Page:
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From Vein to Vein

The Journey of Blood

The substance known as “blood” consists of a protein-rich liquid component, plasma which contains formed elements, namely red blood cells, white blood cells and platelets. The components of blood course through a complex circulatory system nourishing and protecting the human body.

When a whole blood donation is made at Canadian Blood Services, the donor is first screened for his/her own health, and answers an extensive list of questions, designed to determine donor suitability. Determining the donor's suitability ensures the health of both the donor and the patient who will receive the blood products. giving blood From Donor...

blood bin
At the time of donation, blood is collected under sterile conditions.
The blood donation is always made under sterile conditions created by the use of a disinfecting agent to cleanse the donor's arm and a sterile, single use needle to withdraw the blood. The needle is inserted into a vein and the blood flows through plastic tubing to a sterile blood bag. When the donation is complete, several blood samples are taken for the purposes of testing. The units and samples are sent to Canadian Blood Services laboratories for processing.

The blood samples are tested for ABO and Rh group, red cell antibody screening, and the following transmissible diseases: Syphilis, Hepatitis B and C, HIV 1 and 2, Human T-Cell lymphotropic viruses HTLV I and II and West Nile Virus. Canadian Blood Services also uses Nucleic Acid Testing (NAT), a second (not as yet licenced) testing method that is more sensitive than current licensed tests in detecting Hepatitis C and HIV, to ensure the safest possible blood products.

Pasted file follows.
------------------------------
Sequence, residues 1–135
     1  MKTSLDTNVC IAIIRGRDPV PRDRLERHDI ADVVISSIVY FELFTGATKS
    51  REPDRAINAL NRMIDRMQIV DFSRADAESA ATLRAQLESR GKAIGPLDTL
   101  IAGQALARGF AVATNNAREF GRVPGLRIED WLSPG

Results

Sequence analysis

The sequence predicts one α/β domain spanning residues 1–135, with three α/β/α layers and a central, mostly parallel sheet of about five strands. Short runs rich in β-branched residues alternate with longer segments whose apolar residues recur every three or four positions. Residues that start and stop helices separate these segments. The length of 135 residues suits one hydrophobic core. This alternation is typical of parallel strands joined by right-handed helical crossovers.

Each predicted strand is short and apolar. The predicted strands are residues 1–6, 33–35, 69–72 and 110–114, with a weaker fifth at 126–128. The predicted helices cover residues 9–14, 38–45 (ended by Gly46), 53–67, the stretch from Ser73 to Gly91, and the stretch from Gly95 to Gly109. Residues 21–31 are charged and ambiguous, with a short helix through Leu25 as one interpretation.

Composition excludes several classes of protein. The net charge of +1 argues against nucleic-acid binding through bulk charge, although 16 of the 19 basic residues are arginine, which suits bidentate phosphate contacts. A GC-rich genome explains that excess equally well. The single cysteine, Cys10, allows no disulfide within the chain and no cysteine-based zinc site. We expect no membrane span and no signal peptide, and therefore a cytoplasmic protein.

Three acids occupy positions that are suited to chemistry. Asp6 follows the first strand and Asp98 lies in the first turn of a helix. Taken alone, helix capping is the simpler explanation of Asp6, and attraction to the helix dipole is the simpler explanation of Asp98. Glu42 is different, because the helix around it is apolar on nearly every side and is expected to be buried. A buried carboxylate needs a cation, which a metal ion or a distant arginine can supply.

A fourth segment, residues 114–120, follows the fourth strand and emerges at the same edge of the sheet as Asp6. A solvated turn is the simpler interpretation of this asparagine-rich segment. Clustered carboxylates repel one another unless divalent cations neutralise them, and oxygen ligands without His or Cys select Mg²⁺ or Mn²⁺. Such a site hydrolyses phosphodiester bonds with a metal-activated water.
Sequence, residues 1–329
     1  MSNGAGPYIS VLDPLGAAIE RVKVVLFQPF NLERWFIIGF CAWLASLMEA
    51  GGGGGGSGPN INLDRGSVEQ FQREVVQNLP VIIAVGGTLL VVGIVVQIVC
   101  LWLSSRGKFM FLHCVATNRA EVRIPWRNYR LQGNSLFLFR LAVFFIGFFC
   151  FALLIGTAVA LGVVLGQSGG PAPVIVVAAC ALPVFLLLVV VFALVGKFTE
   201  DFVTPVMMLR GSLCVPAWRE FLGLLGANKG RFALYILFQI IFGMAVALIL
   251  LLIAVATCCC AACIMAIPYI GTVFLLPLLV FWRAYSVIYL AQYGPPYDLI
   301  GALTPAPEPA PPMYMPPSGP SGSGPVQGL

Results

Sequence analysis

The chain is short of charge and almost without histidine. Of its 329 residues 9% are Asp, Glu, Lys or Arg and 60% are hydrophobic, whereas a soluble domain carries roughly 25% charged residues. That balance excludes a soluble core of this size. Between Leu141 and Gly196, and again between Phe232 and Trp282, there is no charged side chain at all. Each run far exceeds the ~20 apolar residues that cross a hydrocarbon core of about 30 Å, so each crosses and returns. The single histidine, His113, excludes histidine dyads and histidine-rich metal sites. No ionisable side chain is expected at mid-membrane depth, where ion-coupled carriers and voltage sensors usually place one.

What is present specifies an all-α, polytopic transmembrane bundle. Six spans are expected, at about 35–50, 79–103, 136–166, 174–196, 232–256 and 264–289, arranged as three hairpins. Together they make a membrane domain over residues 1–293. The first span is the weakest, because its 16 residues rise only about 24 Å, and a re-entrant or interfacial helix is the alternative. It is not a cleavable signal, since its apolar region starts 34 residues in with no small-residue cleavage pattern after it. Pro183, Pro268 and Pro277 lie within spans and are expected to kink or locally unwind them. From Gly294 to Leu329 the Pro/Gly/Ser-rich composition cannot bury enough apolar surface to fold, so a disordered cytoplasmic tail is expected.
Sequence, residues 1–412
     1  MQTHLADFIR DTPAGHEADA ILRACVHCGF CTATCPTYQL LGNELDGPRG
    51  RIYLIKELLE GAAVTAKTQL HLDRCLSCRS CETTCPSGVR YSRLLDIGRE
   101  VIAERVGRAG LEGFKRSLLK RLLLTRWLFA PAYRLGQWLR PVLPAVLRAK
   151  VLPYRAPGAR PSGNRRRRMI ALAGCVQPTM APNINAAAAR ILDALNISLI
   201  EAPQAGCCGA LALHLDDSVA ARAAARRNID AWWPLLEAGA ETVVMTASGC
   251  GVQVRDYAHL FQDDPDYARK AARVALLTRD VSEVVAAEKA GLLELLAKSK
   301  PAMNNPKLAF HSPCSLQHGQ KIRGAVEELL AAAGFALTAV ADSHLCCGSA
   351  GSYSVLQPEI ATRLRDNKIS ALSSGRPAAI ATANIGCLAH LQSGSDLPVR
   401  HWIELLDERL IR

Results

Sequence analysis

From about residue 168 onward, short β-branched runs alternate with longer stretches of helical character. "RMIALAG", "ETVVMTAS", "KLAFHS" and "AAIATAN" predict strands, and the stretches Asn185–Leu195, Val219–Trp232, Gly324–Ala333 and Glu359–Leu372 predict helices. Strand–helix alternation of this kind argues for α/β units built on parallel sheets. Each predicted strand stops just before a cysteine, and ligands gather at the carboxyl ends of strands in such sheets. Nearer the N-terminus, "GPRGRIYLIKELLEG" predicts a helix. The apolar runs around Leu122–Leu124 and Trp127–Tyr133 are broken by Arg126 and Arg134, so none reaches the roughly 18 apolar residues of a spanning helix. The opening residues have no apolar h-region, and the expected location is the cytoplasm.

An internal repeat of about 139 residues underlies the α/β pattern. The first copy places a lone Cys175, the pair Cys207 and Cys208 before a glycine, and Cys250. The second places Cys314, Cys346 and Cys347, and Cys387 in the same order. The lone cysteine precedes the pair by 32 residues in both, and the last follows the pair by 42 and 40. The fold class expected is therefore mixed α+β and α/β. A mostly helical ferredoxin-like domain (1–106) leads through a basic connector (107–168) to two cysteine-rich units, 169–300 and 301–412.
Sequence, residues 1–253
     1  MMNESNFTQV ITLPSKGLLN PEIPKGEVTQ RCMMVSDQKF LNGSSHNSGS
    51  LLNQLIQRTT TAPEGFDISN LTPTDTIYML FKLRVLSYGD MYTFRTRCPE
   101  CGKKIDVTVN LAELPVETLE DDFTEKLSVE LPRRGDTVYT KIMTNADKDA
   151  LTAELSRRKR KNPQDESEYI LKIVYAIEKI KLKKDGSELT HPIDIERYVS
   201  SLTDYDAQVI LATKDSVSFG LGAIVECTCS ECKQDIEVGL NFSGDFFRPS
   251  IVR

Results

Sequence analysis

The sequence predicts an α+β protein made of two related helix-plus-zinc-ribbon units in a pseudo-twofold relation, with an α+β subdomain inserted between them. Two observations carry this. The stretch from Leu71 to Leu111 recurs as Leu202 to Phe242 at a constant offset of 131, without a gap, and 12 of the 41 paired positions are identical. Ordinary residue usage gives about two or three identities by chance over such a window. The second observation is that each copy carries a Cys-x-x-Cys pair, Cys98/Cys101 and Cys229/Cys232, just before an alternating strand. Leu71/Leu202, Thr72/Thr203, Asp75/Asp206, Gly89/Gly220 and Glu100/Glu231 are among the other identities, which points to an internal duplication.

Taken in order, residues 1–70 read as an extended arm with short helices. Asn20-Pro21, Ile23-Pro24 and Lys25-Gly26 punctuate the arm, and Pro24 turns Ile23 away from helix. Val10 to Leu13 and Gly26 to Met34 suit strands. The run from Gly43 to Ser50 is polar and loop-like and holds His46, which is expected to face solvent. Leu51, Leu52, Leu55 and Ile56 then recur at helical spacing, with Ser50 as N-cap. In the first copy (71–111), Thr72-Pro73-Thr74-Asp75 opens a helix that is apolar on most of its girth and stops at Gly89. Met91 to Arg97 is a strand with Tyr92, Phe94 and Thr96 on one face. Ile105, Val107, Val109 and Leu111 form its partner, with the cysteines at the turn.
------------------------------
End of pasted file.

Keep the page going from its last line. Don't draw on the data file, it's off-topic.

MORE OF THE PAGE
TD Wash Transmissible Disease Testing from samples collected at Donation. Nucleic Acid Testing Nucleic Acid Testing (NAT) reduces the window period for detecting Hepatitis C and HIV.

The units of blood are sent to the Component Production laboratory. As part of the production process, each unit of blood is received and assessed for suitability. Each unit is then separated, by centrifugation, into red blood cells, plasma and depending on hospital requirements, platelets and cryoprecipitate. Each unit of blood also undergoes Leukoreduction, a filtration process to remove white blood cells. Leukoreduction reduces the chance of side effects such as chill or fever that could be harmful to the recipient. centrifuges Centrifuges are used to separate the components of blood within the original blood donation bag.

filtering blood Each unit of blood is leukoreduced to remove the white blood cells. All components are then stored at the appropriate temperature and conditions to optimize their quality and shelf life. When the testing and production are complete, the components are then released to inventory and are available for distribution to our hospital customers.

Hospital customers place orders for blood products by fax or by phone. Canadian Blood Services laboratory staff monitor inventory levels of all products and fill the hospital orders as they arrive. The appropriate components are then retrieved, checked, packed, and shipped to our customers.

Hospitals then have the appropriate components necessary to fill doctors’ orders for their patients. The blood that had once nourished and protected a donor’s body can be transfused to patients:

  • undergoing major surgery
  • undergoing organ or bone marrow transplants
  • being treated for trauma, cancer or a wide variety of other medical problems

surgery recipient
Blood Components
Types & Rh System
Blood Shelf Life
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From Vein to Vein
Where Does Blood Go?

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